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Oil Burner Maintenance


Oil Burner Maintenance

Larry Hinckley of Fort Worth

This article is designed to assist IKECA members in the main­tenance and first echelon of repair for their pressure washers.

Everything is relative. What seems extremely tall to a field mouse might appear to be rather short to a giraffe. With this thought in mind, I won’t try to delve into the structural stability of the oil burner. I will simply try to cover the basic maintenance and trouble shooting of the oil burner as it relates to the pressure washing industry.

Years of experience as a main­tenance mechanic have taught me the wisdom of the old saying, “an ounce of prevention is worth a pound of cure.” There is no better way to be reasonably certain that your heater will serve you as it is intended than to take care of it. You should only use clean, top quality fuel. You should use a fuel filter with a water separator. You should check the water separator daily. You should change your filter periodically as needed. It should be noted that the majority of burner problems stem from bad or dirty fuel, or water in the fuel. You should always top your fuel tank off before putting your unit away for the night. This keeps condensation from forming in your fuel tank.

This troubleshooting guide is based on the burner design type in which the motor has an ignition transliterating continuously and where the fuel flow is controlled by a fuel solenoid which is operated by a vac-on switch, pressure switch, or flow switch.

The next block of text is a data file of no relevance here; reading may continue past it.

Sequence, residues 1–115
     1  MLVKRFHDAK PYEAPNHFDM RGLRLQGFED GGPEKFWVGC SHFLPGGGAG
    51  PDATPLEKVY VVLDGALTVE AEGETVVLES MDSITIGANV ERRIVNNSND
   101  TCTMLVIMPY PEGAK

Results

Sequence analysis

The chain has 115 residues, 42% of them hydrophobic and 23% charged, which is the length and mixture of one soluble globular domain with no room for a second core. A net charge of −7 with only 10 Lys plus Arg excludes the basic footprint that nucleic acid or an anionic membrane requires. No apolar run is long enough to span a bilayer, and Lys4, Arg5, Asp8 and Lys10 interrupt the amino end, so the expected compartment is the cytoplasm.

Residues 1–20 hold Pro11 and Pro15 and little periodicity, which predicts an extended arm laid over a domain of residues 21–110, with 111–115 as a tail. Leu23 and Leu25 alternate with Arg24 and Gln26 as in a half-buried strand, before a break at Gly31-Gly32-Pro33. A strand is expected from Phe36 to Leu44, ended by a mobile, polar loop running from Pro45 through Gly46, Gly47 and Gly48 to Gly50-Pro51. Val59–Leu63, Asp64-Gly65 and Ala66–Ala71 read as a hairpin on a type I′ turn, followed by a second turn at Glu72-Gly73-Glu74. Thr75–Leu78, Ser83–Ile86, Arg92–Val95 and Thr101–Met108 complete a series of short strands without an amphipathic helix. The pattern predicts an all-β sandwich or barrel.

When you experience a burner problem, always go back to the basic concepts. You need three things in mind: your burner should be in the “on” position, depress the trigger on your gun, and establish a flow of water from your pressure nozzle. At this point you should detect a white vapor coming from the exhaust stack. This tells you that you have fuel to the burner chamber. Your problem is either too much combustion air, insuf­ficient fuel pressure or loss of spark. If your unit has been operating without problems and this symptom suddenly occurs, chances are that your problem is either loss of spark or loss of fuel pressure. The reason I say this is air adjustments do not change if they are locked down correctly. There are many ways to test your unit to determine the nature of the prob­lem, but we will deal with the most common and expedient method.